Today's News

  • BIRTH: Baby Hammerbeck welcomed by family

    Jack Eli Hammerbeck, son of Loraine (Lawson) and Ed Hammerbeck of Louisville, was born at University Hospital on Jan. 28.

    He weighed 8 pounds, 12 ounces.
    He was welcomed home by a sister, Sophia.
    He is the grandson of Karen and Larry Lawson of Taylorsville, Pat Wilson of Louisville and the late George Edward Hammerbeck II.
    Great-grandparents are Margaret Lawson of Shelbyville, the late Clayton Lawson and the late Dolly and Arthur Nation.

  • Herndon graduates from the U.S. Army War College

    Col. Christopher Herndon recently graduated from the U.S. Army War College at  Carlisle Barracks, Carlisle, Pa.
    The course prepares officers of all services, as well as civilian officials of the federal government, for senior level command and staff positions with the U.S. armed forces throughout the world.
    Students partake in the Army’s highest level of formal education with the  mission of preparing selected leaders to assume strategic leadership responsibilities in military and national security organizations.

  • Capt. Hardy Hill has Spencer County bloodlines

    An 1882 atlas that pin-points cemetery, residential and business locations in Nelson and Spencer counties shows a historic burying ground on the “E.T. Holloway” farm.

  • You can be a zucchini houdini

    It’s late July, and many gardens are now overflowing with excess zucchini. The joke is often heard that one should not leave windows down when going to church or into town for fear that someone will leave a sack of zucchini in the car.

  • Cornerstone Christian plans basketball camp

    Cornerstone Christian Academy in Shelbyville will host a basketball camp from Monday through next Thursday.
    The camp will be led by former college coaches and former college and high school coaches. Each day there will be a special speaker. This year’s featured speaker will be former Kentucky Wildcat and Boston Celtics player  Rick Robey. He will be there to share about his days playing with Larry Bird and Pete Maravich.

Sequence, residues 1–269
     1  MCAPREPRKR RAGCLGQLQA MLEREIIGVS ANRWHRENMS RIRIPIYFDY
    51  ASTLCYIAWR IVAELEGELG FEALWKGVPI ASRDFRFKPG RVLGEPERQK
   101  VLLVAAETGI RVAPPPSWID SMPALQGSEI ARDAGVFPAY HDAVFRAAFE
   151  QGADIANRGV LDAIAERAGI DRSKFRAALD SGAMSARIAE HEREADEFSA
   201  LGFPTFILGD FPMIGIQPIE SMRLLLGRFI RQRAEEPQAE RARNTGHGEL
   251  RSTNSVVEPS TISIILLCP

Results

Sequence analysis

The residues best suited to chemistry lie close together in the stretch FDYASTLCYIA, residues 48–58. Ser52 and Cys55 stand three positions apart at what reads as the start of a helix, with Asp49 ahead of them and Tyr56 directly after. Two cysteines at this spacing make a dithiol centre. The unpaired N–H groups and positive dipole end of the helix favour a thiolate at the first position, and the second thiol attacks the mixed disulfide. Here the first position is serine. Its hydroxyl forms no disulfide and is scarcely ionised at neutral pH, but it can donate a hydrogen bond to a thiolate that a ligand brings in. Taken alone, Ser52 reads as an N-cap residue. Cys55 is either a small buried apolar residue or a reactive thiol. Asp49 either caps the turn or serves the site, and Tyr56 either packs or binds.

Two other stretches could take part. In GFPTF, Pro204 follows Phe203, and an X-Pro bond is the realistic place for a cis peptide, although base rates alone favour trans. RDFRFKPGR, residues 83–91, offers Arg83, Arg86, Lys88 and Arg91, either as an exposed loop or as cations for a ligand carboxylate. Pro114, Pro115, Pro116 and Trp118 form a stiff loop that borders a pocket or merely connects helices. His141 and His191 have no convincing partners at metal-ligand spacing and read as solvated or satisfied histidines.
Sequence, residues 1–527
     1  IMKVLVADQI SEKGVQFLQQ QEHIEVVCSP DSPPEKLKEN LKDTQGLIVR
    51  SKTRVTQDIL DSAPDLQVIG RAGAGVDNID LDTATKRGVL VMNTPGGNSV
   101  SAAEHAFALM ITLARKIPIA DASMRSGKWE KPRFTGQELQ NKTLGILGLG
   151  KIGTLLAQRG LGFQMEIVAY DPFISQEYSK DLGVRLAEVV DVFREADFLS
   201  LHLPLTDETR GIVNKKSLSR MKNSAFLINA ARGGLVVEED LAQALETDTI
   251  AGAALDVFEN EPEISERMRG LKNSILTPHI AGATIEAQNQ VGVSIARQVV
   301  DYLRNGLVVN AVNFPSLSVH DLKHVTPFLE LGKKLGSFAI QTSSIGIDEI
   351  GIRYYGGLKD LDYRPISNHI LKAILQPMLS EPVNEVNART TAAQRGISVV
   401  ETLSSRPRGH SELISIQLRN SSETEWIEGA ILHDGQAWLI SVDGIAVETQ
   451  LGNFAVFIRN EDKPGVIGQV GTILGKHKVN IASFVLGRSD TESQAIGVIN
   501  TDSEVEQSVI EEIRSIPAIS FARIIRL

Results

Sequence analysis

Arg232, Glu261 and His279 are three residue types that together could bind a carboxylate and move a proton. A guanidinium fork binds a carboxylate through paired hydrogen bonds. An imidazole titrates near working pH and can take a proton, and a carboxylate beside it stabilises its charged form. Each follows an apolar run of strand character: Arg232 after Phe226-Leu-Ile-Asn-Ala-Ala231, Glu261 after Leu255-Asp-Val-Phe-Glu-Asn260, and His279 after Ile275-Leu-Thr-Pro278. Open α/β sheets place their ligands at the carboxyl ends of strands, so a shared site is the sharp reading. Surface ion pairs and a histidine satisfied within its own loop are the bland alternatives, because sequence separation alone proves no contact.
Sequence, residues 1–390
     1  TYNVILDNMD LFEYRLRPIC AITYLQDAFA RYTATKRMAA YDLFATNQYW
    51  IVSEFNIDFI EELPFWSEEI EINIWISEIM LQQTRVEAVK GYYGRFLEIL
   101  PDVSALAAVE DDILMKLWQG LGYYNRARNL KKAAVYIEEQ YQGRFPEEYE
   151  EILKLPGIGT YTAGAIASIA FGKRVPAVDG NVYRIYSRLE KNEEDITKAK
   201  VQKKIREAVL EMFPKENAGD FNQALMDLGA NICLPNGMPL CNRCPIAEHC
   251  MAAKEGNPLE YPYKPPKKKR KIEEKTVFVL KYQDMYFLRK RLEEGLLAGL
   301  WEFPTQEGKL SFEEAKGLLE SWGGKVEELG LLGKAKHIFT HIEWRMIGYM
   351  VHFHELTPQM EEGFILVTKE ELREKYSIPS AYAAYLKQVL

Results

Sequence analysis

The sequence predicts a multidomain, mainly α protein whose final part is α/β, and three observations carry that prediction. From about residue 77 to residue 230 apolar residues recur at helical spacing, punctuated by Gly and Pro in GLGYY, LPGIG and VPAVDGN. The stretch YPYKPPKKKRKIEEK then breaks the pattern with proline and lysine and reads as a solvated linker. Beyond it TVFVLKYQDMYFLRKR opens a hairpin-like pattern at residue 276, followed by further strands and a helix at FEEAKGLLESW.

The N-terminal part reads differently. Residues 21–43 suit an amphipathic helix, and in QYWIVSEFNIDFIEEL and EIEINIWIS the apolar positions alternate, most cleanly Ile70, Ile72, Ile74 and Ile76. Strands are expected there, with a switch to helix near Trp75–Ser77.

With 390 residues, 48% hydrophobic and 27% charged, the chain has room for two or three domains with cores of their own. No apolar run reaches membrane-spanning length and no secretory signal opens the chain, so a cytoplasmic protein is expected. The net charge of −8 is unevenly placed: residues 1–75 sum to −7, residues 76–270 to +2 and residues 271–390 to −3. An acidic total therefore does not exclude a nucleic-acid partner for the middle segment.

The camp will teach fundamentals from some of the best coaches in the area.

  • Batitudes finish year at 17-1

    Members of the Batitudes 12 and under girls softball team pose for a picture. The team finished with a record of 17-1 this season. Pictured, from back left, are coach Kevin Buley, head coach Eric Goodlett, coach Doug Divine and coach Johnnie Puckett. Middle row, from left, are Malayna Buley, Makayla Sutherland, Makayla Karrer, Chelsea Goodlett, Leigha O’Banion, Summer Drury and Rikki Urquhart. From front left are Jonah Puckett, McKenna Lyons, Kendall Horn, Kaylan Divine and Kaylee Smith. The photo was submitted by Brandy Karrer.

  • Calling all hunters: first season starts Aug. 20

    The first fall hunting season in Kentucky opens in less than a month. Here are some highlights of what’s to come:
    The 2011-2012 Kentucky Hunting & Trapping Guide is being printed and will be mailed to license vendors statewide next week.
    The 66-page guide is free, and details the season dates, bag limits and regulations for deer, elk, bear, turkey, small game and furbearers.

  • Local athlete to play in baseball tourney at Disney

    On Sunday, Nathan “Nute” Conard and the Louisville Longhorns 13U baseball team will open up the United States Specialty Sports Association Elite 32 World Series at the ESPN Sports Park at Disney in Orlando, Fla.

  • COLUMN: Kentucky’s connections to the NBA lockout

    “Anything that’s good for the city of Louisville is good for our state. I believe (the NBA) is good for the city of Louisville, which makes our state even better.”        
    John Calipari made the remark last December.
    First, in grand scheme time, Kentucky’s coach has lived here for roughly 15 minutes and doesn’t remember the Kentucky Colonels (1967-76).

  • USDA seeks applications for grants to improve rural housing

    Agriculture Secretary Tom Vilsack announced July 25 that applications are being accepted for grants to eligible applicants to help low- and very-low-income rural residents repair their homes.
    “These funds help limited-income rural homeowners improve their living conditions,” Vilsack said. “The costs associated with maintaining a home are a challenge for many rural homeowners and the funding we are announcing will be used by awardees to help low and very-low-income residents in rural areas maintain and repair their homes.”